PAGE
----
There are close to 1,000 US military advisors in Iraq, including Special Operations forces, divided between Baghdad and Kurdistan and the CIA is believed to be running an operation to supply Kurdish forces, the Peshmerga, with arms and ammunition. Iraqi Kurds have overtaken 2 northern oilfields.  The two oilfields are said to have a combined daily output capacity of some 400,000 barrels per day. The operations are most certainly not entirely humanitarian. France and Germany both say they will send military equipment to help the Kurds defend themselves. Hercules transport planes have been dropping aid to civilians fleeing from the onslaught of ISIS.

While the case for intervention on humanitarian grounds to save the lives of thousands of fleeing refugees is overwhelming, there is now the risk of what is known as "mission creep"; of a small, narrowly defined operation ballooning out of control, sucking in Western countries into a lengthy conflict with no clear exit. Politicians are fond of saying "there will be no boots on the ground" but in practice there are already growing numbers of US military personnel deployed to Iraq behind the scenes. The ISIS fighters are now embedding in residential areas like Mosul, essentially using civilians as shields. Already Iraqi government airstrikes around Mosul have led to reports of civilian casualties. What if advice and air power alone are not enough to prevent the ISIS from taking more towns in Iraq and Kurdistan? What if Baghdad itself or the cities of Kirkuk or Irbil look threatened?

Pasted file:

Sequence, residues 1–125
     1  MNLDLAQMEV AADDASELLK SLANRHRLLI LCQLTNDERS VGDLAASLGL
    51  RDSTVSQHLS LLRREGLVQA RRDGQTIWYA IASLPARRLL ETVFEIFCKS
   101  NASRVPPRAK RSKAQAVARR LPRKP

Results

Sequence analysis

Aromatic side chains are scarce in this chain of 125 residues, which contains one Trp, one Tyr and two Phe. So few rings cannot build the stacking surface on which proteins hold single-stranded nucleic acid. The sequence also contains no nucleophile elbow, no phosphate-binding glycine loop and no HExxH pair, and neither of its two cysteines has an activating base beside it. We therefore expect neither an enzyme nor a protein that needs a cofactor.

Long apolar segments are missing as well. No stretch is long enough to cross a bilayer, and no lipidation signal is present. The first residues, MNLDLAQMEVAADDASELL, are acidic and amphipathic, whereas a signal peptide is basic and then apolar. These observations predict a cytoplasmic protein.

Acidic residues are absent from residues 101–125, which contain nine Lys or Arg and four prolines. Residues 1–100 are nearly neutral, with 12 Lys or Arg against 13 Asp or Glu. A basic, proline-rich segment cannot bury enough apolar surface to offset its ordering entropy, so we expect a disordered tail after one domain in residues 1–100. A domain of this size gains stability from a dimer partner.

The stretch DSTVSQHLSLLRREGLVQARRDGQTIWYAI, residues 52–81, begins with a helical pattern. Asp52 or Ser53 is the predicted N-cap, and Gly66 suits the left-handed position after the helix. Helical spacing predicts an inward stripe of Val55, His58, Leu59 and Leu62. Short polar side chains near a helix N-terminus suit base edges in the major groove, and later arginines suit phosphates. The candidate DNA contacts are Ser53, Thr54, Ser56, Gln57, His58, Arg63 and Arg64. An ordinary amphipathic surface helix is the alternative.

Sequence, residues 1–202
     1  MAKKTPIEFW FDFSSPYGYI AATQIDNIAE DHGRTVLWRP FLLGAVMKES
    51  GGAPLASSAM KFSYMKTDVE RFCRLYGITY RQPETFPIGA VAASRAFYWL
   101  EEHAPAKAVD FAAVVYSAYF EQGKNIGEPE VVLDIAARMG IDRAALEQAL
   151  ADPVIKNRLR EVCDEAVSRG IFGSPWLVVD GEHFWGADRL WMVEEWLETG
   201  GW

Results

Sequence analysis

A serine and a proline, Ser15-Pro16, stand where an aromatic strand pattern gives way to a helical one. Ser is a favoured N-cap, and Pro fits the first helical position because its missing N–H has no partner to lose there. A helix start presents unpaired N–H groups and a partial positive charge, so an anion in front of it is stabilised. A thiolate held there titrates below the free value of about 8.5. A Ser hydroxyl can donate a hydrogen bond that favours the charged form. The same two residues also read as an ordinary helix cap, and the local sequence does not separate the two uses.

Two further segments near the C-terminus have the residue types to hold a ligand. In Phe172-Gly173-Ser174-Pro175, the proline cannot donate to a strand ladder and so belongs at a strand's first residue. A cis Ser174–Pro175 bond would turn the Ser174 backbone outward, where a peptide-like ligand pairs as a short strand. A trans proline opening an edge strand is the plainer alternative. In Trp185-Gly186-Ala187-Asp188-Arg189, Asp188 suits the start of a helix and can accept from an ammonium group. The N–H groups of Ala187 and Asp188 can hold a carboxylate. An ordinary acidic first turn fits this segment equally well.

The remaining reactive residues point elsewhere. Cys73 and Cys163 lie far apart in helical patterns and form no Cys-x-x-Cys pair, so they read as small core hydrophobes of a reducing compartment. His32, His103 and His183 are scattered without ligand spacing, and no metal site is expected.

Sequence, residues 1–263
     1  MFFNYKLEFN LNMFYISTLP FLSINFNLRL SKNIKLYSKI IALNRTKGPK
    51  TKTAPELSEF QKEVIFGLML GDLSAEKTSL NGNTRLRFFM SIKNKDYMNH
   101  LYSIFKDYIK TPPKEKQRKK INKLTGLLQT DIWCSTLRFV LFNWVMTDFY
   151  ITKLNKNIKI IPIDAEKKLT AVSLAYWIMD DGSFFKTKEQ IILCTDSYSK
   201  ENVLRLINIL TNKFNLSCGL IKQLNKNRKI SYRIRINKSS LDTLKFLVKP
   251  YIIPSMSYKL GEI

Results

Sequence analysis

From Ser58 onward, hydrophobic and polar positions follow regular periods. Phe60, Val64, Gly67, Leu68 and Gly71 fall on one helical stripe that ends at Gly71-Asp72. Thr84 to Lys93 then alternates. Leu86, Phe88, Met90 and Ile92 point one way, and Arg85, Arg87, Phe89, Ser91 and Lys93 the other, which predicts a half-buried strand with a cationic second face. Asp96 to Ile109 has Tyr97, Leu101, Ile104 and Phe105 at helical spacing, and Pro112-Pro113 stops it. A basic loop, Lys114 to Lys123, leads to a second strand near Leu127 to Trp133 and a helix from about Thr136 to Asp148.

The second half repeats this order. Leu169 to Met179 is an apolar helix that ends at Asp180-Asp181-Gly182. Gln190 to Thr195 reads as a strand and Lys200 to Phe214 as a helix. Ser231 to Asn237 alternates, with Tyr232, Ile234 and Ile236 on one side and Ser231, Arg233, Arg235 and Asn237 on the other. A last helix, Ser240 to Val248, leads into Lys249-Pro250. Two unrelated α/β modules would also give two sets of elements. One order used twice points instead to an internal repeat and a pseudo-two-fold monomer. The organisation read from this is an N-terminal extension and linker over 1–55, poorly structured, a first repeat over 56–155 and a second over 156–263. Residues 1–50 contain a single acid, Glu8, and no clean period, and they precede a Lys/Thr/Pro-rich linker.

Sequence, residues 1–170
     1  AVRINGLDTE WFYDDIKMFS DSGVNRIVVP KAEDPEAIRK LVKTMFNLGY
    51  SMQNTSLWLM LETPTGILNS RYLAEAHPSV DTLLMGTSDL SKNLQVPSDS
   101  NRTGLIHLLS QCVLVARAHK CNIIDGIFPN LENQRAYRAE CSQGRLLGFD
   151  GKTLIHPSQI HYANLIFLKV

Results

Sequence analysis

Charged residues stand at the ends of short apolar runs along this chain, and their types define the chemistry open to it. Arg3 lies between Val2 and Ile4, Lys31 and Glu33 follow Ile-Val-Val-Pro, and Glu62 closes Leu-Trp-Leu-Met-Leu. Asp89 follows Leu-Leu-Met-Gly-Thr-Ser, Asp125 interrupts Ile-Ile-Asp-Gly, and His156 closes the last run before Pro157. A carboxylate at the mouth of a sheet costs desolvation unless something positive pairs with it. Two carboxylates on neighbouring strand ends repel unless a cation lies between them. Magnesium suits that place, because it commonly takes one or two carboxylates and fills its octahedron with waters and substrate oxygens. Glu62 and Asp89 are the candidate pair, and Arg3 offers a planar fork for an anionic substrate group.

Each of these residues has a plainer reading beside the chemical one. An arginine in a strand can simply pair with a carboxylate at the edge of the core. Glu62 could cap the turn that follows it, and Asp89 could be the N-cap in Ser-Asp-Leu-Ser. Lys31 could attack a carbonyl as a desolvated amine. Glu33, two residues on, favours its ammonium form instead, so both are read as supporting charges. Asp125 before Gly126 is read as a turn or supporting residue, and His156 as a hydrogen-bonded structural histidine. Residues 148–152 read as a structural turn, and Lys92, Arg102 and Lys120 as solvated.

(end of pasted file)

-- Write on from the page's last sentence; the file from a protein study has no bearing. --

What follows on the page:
The militants from ISIS have been causing problems in Iraq and Syria for several months, but then they took control of the area around Kirkuk, a gigantic oilfield; then they captured the Mosul Dam, which controls electricity and might serve as a weapon; and then they encroached on the Kurdish capital of Erbil, an oil boomtown which happens to have a US consulate but also has hundreds of employees of companies like Chevron and ExxonMobil; that’s when the airstrikes against ISIS started. To be fair, it was also when ISIS became especially barbaric, and tens of thousands of Yazidi refugees became stranded. The current US intervention certainly has humanitarian purpose, but it would also be wrong to pretend that oil is totally irrelevant to the larger crisis in Iraq.